But the gap between the number of persons with disabilities who are employed and other people who are employed is getting smaller. That's good news, but there's still work to be done.
What Are the Best Ways to Improve Accessibility in a Business?
Since inaccessibility is so common in the workplace you may be wondering how to improve accessibility for disabled people? Here are some ideas:
1. Train Your Employees
Train your employees on ways they can make the workplace more accessible. Here are some educational topics to tackle:
- Educate people on what does accessible mean in order to get rid of an attitude barrier they may have.
- Give your staff resources on how to interact with service animals and assist people with mobility devices.
- Make sure that everyone knows how to accommodate and provide disability inclusion.
2. Make Sure There Are No Physical Barriers
Part of making your business accessible is to make it wheelchair accessible. Here are some steps to take:
- Have a lowered check-out counter or receptionist desk that a wheelchair can easily access.
- Check guidelines and laws for doorway width and bathroom specification so those in wheelchairs can move around easily.
- Keep walkways clear from clutter or snow, and keep your premises well lit.
3. Have Proper Signage
If you've got an alternate wheelchair-accessible entrance, then post clear signage by the main entrance. If you've got steps, corners, and edges, mark them with high visibility contrasting colored material so they can be easily seen. Have braille and raised lettering on permanent rooms and bathrooms. Make sure that the background of signs contrasts with the foreground.
4. Printed Material
You can make your printed documents more accessible by taking these steps:
- Printed information material should use a logical order and plain English.
- Avoid using long sentences.
- Be prepared to read that material to those who are blind or have low vision.
- Include a menu online as it allows people to use assistive technology such as screen readers.
5. Make Things Accessible, Even Online
Your web-based materials should also be accessible. There are some steps to take:
- Add alternate text to images on your website. This provides disability inclusion by allowing people to use screen reading software. Screen reading software uses alternate text to describe the photos to them.
- Also, include closed captioning on any videos you've got online and offline.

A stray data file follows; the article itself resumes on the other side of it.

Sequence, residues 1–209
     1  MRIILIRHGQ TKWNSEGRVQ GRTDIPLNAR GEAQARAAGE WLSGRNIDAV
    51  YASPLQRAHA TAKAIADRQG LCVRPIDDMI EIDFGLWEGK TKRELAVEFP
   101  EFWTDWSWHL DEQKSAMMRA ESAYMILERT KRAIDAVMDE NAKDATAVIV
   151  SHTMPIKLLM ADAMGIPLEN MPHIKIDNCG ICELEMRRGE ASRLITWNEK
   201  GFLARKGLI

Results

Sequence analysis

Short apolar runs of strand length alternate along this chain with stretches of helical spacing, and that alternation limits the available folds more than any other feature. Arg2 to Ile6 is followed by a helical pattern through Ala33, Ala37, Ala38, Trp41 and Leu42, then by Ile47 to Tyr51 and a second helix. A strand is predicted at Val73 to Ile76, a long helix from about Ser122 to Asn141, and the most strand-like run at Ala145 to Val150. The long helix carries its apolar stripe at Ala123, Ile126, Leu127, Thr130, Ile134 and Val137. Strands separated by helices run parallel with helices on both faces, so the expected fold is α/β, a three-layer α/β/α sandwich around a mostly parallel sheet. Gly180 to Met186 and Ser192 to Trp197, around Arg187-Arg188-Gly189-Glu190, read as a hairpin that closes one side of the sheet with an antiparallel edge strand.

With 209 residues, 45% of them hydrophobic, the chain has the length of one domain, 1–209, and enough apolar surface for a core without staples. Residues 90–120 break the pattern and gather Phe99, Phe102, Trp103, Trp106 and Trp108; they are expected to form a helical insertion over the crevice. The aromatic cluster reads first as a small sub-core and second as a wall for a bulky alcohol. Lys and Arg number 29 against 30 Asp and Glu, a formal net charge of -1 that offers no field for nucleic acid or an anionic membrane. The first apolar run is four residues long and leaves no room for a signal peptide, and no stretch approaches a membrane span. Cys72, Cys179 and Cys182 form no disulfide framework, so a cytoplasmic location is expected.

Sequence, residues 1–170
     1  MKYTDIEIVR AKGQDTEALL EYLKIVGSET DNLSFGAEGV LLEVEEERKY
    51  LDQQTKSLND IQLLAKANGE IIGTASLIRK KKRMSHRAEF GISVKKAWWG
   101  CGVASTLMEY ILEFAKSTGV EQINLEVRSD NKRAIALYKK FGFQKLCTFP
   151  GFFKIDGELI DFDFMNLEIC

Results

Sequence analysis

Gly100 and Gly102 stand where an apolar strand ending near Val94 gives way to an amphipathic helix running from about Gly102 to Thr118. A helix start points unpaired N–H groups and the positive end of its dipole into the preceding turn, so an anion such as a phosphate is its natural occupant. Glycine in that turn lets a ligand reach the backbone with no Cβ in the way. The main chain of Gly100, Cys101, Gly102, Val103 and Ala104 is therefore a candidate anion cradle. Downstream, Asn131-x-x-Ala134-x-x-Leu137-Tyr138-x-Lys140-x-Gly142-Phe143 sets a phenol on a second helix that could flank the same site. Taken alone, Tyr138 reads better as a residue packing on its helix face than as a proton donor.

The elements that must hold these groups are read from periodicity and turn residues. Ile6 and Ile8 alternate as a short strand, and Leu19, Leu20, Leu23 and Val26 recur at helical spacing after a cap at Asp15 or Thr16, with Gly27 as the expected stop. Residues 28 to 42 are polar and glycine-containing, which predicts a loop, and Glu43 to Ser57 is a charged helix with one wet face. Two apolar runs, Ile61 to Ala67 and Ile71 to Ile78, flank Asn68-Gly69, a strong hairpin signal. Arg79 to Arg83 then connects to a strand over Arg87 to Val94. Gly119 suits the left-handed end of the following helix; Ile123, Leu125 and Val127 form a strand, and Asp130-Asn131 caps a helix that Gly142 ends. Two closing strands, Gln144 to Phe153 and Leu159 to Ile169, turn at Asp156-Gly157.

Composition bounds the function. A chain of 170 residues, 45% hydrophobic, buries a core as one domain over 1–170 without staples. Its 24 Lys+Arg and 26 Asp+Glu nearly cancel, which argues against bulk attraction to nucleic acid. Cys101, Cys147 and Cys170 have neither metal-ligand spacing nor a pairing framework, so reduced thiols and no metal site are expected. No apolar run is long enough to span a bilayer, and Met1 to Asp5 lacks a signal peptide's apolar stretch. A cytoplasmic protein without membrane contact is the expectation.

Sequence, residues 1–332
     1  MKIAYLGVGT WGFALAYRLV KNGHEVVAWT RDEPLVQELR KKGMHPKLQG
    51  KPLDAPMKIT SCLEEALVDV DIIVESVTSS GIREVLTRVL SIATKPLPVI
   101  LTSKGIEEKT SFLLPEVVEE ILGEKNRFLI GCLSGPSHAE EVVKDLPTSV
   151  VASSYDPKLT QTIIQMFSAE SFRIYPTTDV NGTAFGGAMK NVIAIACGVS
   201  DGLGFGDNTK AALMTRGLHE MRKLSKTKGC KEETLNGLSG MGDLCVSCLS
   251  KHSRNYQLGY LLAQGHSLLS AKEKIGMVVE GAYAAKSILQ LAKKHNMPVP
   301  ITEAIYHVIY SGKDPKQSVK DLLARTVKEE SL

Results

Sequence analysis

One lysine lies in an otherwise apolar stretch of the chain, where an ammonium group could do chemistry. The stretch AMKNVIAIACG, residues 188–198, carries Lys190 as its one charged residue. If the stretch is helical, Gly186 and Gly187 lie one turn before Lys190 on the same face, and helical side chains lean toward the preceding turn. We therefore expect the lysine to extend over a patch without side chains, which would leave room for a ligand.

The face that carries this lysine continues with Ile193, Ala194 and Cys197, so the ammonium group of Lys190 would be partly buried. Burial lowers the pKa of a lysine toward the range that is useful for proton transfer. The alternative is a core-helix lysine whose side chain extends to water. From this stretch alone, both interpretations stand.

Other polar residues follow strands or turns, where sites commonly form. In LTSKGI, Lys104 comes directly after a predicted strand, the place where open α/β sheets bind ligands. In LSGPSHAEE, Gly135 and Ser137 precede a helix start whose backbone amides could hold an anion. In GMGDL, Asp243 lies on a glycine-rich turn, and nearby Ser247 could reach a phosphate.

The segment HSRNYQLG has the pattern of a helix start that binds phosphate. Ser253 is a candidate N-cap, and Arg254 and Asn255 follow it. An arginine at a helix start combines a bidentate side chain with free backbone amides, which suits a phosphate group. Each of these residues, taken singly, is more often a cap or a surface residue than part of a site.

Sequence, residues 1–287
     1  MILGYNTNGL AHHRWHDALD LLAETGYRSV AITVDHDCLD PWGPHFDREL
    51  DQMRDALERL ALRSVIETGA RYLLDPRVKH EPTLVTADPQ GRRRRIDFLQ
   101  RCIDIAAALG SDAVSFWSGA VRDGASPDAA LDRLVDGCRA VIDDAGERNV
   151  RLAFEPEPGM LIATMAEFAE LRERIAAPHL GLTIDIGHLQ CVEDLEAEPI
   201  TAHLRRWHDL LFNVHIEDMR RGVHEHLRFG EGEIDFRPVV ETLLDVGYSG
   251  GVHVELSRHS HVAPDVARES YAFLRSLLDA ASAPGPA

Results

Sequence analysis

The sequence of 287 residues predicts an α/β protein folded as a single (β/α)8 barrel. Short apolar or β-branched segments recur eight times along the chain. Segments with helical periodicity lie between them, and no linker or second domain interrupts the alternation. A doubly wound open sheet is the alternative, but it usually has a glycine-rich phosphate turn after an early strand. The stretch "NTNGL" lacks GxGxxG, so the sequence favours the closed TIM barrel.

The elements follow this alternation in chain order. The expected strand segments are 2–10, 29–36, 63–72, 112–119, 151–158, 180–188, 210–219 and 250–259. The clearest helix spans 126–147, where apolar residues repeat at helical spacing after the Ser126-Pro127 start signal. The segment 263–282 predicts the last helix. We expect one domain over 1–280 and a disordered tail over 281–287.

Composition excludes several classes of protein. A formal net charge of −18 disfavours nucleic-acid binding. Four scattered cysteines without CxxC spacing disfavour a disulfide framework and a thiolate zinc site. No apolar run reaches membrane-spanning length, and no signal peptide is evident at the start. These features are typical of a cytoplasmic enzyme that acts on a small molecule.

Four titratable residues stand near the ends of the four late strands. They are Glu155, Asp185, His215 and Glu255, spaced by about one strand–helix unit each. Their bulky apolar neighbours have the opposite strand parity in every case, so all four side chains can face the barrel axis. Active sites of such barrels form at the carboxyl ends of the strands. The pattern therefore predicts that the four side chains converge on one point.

6. Have an Elevator or Handicap Elevator
Suppose your business is located over multiple floors. It's essential for you to have a handicap elevator or elevator to make the other floors wheelchair accessible.
A handicap elevator is a device that's big enough to fit a wheelchair. They help people with disabilities navigate multiple story buildings. Typically handicap elevators can be installed anywhere, and some people even have them in their homes.
But, if you install a regular elevator, make sure that the elevator is big enough to accommodate a wheelchair easily.
If you want to know how to improve accessibility for disabled people, the best way is to listen to them. If they request assistance, then help them.
But never assume that a person with disabilities needs assistance. Always ask first or let them ask.
If a person with a disability asks you to modify a policy or provide more assistance, consider that request. Employee and customer feedback is a great way to learn how to help your customers.
8. Add Good Lighting
Some people need more lighting to get around comfortably. For example, people with poor vision or spatial navigation difficulties may need more lighting to see. Sometimes lights are installed along a pathway or sidewalk to make it easier to navigate.
But flashing lights or flickering lights could trigger seizures in some individuals. So, it’s best to avoid that if possible.
9. Create Quiet Zones in Your Shop
Loud noises can be upsetting to people with autism. Loud music can make it hard for people with hearing difficulties to hear employees talk.
A loud workspace could affect a disabled people's access to work or services. To remedy this, create a quiet zone.
10. Make It Clear That You Welcome Service Animals
Service animals can help disabled people a lot with tasks or warn them of danger. For example, a service dog can warn their owner if they're about to have an epileptic seizure. Have a signage that states that you welcome service dogs.
If you aren’t sure if a dog is a service dog or not, then ask questions. The ADA.gov recommends the following questions:
- Is this animal required because of a disability?
- What has the animal been trained to do?
Don’t ask what the person's disability is. If you’re in the US, the ADA doesn’t allow you to ask about the person's disability. If you've got more questions about service dogs, the ADA has more helpful information.
Learn More about International Day of Persons with Disabilities Day
If you want to learn more about this day, we've got a lot of resources for you to learn from:
- Not All Disabilities Are Visible: Improve Awareness and AccessDaisy Ein03 Dec 2020
- Why Provide Better Mental Health Benefits? (Mental Health Awareness 2019)Andrew Blackman10 Oct 2019
- Understanding the Rights of People With Disabilities: What You Need to KnowAndrew Blackman14 Jul 2019
- 10 Opportunities to Start a Business for People With DisabilitiesAndrew Blackman03 Dec 2018
- How to Hire Workers With Disabilities (+5 Business Benefits)Andrew Blackman03 Dec 2017
Improve Disability Inclusion in Your Business
Just because December 3rd is a day meant to bring awareness to people with disabilities doesn’t mean that it’s the only day you can learn about it. It’s essential to improve your business by getting rid of any barriers that people with disabilities may face.
So, make your business more accessible. Take a look at disabled access in your company and take steps to remove barriers. It's the right thing to do.